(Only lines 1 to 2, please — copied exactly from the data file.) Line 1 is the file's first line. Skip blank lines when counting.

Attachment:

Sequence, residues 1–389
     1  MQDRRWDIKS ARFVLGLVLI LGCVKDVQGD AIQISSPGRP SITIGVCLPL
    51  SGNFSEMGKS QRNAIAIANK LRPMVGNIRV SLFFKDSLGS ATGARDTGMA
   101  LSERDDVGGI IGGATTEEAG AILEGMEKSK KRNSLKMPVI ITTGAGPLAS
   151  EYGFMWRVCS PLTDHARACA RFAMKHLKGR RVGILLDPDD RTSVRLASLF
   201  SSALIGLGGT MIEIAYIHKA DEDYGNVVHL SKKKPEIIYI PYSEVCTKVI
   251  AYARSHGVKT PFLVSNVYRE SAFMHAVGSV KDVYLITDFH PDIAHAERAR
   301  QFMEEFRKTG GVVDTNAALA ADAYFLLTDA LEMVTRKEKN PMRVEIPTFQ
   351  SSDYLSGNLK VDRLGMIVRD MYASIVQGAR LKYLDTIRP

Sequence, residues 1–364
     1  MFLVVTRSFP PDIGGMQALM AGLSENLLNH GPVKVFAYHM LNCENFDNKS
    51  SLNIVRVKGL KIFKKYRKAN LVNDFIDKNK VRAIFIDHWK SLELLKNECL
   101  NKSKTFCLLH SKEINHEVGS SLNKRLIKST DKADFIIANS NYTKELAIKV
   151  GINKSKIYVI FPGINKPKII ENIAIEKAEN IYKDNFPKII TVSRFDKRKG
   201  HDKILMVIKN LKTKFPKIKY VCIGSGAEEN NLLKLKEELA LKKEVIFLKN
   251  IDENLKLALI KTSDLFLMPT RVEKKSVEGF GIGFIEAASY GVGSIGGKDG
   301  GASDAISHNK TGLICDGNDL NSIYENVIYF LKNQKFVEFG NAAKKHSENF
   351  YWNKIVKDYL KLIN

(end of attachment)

Sequence, residues 1–389
     1  MQDRRWDIKS ARFVLGLVLI LGCVKDVQGD AIQISSPGRP SITIGVCLPL